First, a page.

When I was working in the Corporate world and told colleagues that I was a pianist, I would often get one of the following responses:
“Oh, I’d love to be able to play the piano”
“I used to play when I was younger – I’d love to start playing again”
Well, why not?
Playing the piano is an excellent form of stress relief. I write more about this in my blog (click here). It is also a great outlet for creativity, which can often be stifled in our professional lives (particularly in areas such as accounting where creativity is frowned upon!) I believe that more and more people are returning to the things that they loved when they were younger – or starting things that they’ve always wanted to do – as a way to deal with the pressures of modern life and to restore some balance.
I am very interested in working with adult beginners, and returners up to an early advanced level (approx. Grade 8).
Lessons will be guided by the aims and interests of each individual student. Some students may want a formal, classical approach which includes notation, technical exercises and repertoire. Others may prefer to focus on developing a good grounding in chords and harmony to enable them to play popular songs by ear or by using lead sheets. I always encourage my students to develop a strong knowledge of chords and harmony as these are the building blocks of music and, by understanding what we play, we gain more enjoyment and fulfillment from our playing.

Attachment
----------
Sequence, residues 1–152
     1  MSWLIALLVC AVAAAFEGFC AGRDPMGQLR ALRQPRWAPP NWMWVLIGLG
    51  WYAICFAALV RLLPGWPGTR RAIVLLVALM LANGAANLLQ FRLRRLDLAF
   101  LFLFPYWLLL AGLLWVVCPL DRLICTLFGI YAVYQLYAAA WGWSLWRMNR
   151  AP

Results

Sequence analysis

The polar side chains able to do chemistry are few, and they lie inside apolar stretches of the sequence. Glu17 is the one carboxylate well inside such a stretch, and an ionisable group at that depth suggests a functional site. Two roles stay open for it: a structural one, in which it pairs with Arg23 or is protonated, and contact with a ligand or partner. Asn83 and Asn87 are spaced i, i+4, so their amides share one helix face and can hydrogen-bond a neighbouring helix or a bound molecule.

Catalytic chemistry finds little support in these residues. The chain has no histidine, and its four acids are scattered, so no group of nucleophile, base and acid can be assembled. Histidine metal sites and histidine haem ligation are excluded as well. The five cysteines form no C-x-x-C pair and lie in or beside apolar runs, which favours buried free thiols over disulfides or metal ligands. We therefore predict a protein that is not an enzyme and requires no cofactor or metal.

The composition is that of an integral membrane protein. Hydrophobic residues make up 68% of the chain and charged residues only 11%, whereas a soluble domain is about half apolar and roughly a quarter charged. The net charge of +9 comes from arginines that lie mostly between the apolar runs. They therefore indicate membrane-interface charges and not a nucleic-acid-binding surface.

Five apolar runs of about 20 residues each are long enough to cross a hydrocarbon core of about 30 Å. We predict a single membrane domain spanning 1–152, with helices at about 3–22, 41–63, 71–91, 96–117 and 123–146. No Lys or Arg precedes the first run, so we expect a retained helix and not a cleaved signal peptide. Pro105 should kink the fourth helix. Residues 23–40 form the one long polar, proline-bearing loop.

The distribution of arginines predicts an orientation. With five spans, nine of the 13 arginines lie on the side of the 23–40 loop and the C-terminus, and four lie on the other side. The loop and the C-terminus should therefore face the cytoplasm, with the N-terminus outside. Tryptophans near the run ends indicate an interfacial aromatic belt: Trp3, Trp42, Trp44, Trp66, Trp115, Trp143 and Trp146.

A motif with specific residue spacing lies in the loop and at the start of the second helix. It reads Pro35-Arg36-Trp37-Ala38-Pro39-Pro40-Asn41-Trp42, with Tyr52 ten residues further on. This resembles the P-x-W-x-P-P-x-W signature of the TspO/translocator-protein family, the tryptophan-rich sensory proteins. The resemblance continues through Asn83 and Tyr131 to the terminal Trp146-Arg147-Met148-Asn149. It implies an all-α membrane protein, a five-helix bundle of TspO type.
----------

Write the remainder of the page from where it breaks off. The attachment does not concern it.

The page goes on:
Many of my returners come to me having had a relatively traditional, classically-based education when they were young – very often with a focus on graded exams. Some may want to continue down this route, maybe continuing to take exams – and I am happy to help them do so. However, many who began on this route became disillusioned with the narrow requirements of an exam-focused approach which is often why they gave up. In many of these cases, the students had not been taught how to use chords in order to play by ear, improvise or even compose. Some students may get to a relatively advanced level of playing – e.g. grade 5 and above – without ever having been taught how chord progressions work and how they can be used in these activities. Therefore my focus with these students will be to widen their experience of the piano by introducing them to these activities and giving them a solid foundation in the workings of chords and harmony.